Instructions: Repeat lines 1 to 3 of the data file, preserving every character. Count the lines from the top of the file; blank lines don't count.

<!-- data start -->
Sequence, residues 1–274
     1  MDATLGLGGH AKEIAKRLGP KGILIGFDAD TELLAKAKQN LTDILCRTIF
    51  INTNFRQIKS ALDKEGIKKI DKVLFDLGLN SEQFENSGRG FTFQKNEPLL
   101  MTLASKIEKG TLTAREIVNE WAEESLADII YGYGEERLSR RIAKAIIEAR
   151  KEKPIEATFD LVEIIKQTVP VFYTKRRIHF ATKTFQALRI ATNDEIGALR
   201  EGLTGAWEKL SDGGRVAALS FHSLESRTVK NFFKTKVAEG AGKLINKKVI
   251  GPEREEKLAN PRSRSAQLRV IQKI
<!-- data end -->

Sequence, residues 1–274
     1  MDATLGLGGH AKEIAKRLGP KGILIGFDAD TELLAKAKQN LTDILCRTIF
    51  INTNFRQIKS ALDKEGIKKI DKVLFDLGLN SEQFENSGRG FTFQKNEPLL